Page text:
There are bands that nobody likes and bands that some people like. There are bands that a few people love, and finally, there are bands that inspire album-pre-ordering, bumper-sticker-sporting, stand-up-front-and-scream-all-the-words devotion. Lucero is one of those bands. As with many in that category, the obsession is balanced by a whole lot of people who just don't get it.
Well, I get "it." This Memphis quartet might not be the most virtuosic band or the most inventive, but they write tremendously moving songs. In fact, that band-next-door quality is part of the appeal. From rough-hewn parts (ingredients that are available in nearly every garage or basement across the country) they assemble something singular.
Lucero recently finished recording their eighth studio album — an achievement in itself. "We played our first show in 1998," says frontman Ben Nichols by phone, still recovering from jet lag after a short tour in Australia. "And we've been on the road pretty consistently since 2001. It's been a lot of miles and a lot of years. And it's still the same four original guys. We're still having a good time."
According to Nichols, the upcoming album (to be titled Women and Work) will expand on the horns-organ-pedal steel palette of 2009's 1372 Overton Park. Though some of those elements were new, it still sounded like a Lucero record — a mix of clattering barnburners about being drunk in bars and solemn, late-night dirges about being drunk in bars. That's an oversimplification, but this band's songs do tend to examine a common universe: crowded rock clubs, unattainable ladies, the pain of leaving things behind and the consequent desire to get them back.
Since the new record is incubating, it presents an opportunity to look back at the old stuff, offering a Lucero crib sheet in chronological order. Maybe these individual musical moments will help make sense of the band and their enduring appeal.
"Summer Song" off the self-released proto-album The Attic Tapes perfectly captures seasonal ennui in the stifling Southern heat. There are girls in pretty dresses, "summer bands" that "probably won't last through the fall," and a wonderful, wistful fiddle. Nichols says he still loves playing this one.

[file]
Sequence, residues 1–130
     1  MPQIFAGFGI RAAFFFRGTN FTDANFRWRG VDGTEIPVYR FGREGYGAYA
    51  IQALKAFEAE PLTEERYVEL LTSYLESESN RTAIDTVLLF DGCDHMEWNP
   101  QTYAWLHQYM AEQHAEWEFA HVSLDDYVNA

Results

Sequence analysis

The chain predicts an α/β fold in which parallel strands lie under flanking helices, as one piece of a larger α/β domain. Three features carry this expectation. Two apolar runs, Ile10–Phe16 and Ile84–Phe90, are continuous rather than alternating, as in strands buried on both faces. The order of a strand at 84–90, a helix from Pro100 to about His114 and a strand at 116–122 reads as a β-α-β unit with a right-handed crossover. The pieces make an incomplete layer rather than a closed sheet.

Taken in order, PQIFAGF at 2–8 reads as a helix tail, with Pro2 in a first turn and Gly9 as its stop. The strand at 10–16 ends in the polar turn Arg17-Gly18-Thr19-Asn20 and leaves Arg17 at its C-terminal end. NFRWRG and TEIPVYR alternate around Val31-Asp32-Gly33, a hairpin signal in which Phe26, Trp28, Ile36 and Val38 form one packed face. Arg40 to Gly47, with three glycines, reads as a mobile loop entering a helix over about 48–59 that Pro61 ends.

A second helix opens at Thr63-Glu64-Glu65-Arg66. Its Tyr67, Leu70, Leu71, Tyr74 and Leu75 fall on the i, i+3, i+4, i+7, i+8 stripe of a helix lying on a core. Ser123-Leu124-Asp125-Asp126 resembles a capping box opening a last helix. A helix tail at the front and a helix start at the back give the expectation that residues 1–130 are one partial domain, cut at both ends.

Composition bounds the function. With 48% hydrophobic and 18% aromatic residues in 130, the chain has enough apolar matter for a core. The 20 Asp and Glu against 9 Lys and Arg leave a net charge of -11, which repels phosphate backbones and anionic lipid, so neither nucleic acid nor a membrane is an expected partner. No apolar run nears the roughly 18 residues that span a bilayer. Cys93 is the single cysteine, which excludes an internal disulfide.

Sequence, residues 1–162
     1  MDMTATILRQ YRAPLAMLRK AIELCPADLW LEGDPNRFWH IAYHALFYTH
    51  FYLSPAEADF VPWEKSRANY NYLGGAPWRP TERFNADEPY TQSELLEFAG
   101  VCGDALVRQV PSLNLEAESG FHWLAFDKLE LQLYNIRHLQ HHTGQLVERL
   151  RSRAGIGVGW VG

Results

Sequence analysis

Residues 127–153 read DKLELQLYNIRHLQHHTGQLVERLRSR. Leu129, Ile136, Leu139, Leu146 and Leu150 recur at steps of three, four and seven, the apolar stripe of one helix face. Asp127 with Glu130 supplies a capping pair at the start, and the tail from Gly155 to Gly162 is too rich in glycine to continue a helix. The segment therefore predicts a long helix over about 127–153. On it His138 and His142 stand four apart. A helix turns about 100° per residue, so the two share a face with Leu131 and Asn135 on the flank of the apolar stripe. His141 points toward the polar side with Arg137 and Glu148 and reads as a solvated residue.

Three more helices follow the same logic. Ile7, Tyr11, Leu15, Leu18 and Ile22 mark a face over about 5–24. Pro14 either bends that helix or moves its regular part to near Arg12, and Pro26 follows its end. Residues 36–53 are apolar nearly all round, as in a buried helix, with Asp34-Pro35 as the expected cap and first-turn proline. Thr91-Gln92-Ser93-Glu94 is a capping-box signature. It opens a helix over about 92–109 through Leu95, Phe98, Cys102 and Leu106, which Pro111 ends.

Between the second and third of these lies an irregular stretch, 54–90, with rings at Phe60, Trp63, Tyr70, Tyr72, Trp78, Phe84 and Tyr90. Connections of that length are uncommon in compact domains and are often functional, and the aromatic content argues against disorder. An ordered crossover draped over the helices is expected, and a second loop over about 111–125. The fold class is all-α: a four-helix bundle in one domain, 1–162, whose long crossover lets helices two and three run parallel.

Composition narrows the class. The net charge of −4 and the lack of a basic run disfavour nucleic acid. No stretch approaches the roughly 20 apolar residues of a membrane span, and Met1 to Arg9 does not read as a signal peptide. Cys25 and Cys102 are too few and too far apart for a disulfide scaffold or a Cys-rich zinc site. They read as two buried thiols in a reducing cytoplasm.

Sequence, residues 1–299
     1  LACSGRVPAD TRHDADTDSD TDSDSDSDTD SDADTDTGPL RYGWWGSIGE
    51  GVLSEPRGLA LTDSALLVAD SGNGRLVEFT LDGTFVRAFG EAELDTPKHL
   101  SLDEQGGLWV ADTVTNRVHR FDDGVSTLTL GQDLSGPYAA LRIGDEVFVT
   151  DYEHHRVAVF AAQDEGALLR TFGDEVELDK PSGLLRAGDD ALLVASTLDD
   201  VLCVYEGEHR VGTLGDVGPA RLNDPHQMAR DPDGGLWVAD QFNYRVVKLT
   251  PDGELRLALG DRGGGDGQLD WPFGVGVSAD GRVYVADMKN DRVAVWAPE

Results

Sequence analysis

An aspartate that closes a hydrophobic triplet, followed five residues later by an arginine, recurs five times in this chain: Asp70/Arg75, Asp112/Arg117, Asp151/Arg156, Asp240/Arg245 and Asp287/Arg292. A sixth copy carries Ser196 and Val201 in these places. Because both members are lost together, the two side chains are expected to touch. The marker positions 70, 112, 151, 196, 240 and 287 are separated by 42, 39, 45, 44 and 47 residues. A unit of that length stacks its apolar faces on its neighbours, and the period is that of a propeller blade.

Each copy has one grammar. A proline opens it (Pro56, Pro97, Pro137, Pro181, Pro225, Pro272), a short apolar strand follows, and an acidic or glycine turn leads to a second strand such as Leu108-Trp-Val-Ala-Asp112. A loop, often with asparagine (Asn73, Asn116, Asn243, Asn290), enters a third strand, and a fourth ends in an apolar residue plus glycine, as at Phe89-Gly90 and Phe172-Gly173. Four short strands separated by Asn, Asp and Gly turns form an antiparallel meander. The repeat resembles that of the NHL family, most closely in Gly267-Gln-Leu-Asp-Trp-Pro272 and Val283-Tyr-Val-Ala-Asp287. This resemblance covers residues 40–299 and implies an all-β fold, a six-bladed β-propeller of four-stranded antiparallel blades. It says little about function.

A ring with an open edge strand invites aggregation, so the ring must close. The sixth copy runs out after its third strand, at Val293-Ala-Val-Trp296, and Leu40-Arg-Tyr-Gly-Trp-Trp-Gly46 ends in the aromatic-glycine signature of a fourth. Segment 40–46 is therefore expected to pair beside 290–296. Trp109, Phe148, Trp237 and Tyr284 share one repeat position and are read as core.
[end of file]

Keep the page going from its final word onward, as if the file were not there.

The album Tennessee is Lucero at their heartbreak apex. The combo of "Nights Like These" and "I'll Just Fall" is deliciously bleak. On "Nights," Nichols — ever the underdog — sings, "She had a weakness for writers / And I was never that good at the words anyways." (There's a rumor that the line refers to former Nashvillian and Memphian Cory Branan.) The song is also a perfect showcase for guitarist Brian Venable and his angular, instantly recognizable style — those spare, meandering guitar lines are as much a Lucero signature as Nichols' I-spent-the-morning-gargling-nails growl. Meanwhile, on "Fall," a drunk protagonist refuses to get up off the floor. (More fiddles!) It's a simple premise and, perhaps, relatable.
Speaking of those barnburners, there are few songs better at getting a Lucero crowd lathered up than That Much Further West's "Tonight Ain't Gonna Be Good." Here, the band channels their punk DNA, as Nichols shout-sings about a looming bar fight and drummer Roy Berry pounds out the beat of war. See also: Nobody's Darlings' "Last Night in Town."
Rebels, Rogues & Sworn Brothers contains two of the band's most haunting ballads. They close out the album, perfectly mirroring the way a long, raucous evening eventually winds down. "On the Way Back Home" deals with forks in the road — "you joining the army, I started a band" — and the powerful pull of old friends and nostalgia. It also features one of Venable's most beautiful and effusive solos. Meanwhile, the hushed "She Wakes When She Dreams" radiates delicate, early-morning weariness.
Late-era Lucero has some slightly Springsteen-y moments. When it works it's exhilarating, a cacophony of organ and horns paired with big, anthemic choruses. Standout "What Are You Willing to Lose" off 1372 Overton Park has a swirling energy, and the titular question is just the right kind of rock cliché.
"We're definitely a love-us-or-hate-us type of band," says Nichols when asked about the fealty Lucero inspires. "I'm not sure why that is. I'd like to say it's because what we're doing is honest. And it honestly is coming straight from the heart. And if you think that sounds like bullshit, then I think the whole band will sound like bullshit [laughs]."
So, in the end, maybe that "it" is earnestness. It can feel almost anachronistic, but also redemptive.
My favorite Lucero song didn't earn the prize for the veracity of its lyrics or the strength of its melody. It happened the way these things often happen: In 2007, I attended the Mucklewain Festival in rural Tennessee. It was dark in a way this urbanite barely understands. The only spark in the black was the stage (and the booth selling $2 cans of beer). As the heat of the day dissipated, mist rose off the fields. Lucero launched into "Fistful of Tears," the delicacy of the piano line providing the perfect foil for Nichols' glorious rasp. It was one of those moments when you realize, yup, this band has something.
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